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How VARs can adapt to IT's changing marketplace

VARs are reinventing themselves and bundling more hardware, software and services into their solutions to stay ahead of ever-changing IT customer needs.

Customer needs are moving targets, so VARs that want to stay in the game are making some marketing moves of their own. The challenge is staying on top of what their customers will want next.

In the past, IT customers typically wanted to buy only hardware and software products that they could deploy on their own to solve their business problems. Today, they want to buy solution -- or ready-made bundles that include everything from hardware to software to services designed to solve those same problems with a phone call to a trusted VAR.

For many VARs, this bundled approach represents a lucrative and steady business as they combine their custom services with products from key IT vendor partners. Those vendors pay VARs only for the hardware and software they sell on their behalf -- not for providing extra customer services.

The upside to this arrangement for VARs is they can keep a steady stream of customers in this tough economy. The downside is that VARs are constantly reinventing themselves to attract new business and maintain existing prospects.

Partnership programs help VARs prosper

John Convery, a vendor relations and marketing vice president with Denali Advanced Integration, a VAR in Redmond, Wash., said his company has been an active participant in Hewlett-Packard Co.'s partner programs for years and continues to thrive because of that relationship.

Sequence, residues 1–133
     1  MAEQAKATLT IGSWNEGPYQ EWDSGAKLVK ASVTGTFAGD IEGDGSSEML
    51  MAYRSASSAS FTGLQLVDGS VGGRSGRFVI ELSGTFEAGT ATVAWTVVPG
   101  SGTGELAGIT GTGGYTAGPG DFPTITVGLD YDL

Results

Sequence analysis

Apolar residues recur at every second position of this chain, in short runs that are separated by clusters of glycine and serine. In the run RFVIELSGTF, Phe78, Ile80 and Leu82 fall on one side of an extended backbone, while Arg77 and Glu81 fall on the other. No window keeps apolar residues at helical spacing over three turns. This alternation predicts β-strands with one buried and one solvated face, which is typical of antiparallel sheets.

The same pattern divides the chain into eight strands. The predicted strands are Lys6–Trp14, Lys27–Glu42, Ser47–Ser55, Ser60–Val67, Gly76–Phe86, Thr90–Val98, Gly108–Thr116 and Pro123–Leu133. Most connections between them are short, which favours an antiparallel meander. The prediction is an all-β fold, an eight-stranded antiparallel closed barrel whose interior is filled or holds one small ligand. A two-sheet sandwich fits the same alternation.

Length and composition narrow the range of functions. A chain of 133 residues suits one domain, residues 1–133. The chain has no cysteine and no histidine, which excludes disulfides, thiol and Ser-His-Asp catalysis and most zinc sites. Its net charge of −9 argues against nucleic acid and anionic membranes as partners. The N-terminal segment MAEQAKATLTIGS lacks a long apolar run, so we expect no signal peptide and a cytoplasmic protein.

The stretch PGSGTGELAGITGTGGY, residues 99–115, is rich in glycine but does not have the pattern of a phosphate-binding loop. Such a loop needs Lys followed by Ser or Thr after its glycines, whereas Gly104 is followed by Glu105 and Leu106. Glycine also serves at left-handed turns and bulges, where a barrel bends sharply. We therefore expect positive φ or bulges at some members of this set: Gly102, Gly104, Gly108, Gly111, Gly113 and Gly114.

About 30% of Denali's annual revenue today is related to services, and that percentage is growing, Convery said. Over the last few years, it's become clear that the future in its business will be helping its customers solve problems by bringing together turnkey solutions from vendors like HP, Microsoft and others.

HP gets this idea, Convery said. "It's not just about boxes anymore. You really have to walk the walk, and you have to produce for your customers. Typically, you really have to do that with a services model," he said.

In many cases today, hardware sales just follow along with those needed services, Convery said. "It becomes secondary. The hardware comes in after the services are established."

VARs that want to stay ahead in the marketplace also need to take the lead on IT initiatives that can generate new business, Convery said. Denali has been working with Edmonds Community College in Lynnwood, Wash., on a power management initiative that has become a model pilot project for 33 other small colleges.

Denali and several partners conducted an IT assessment and helped get grants to fund the project. "Those are the kinds of things that VARs are doing today," Convery said. "It's a game-changing solution."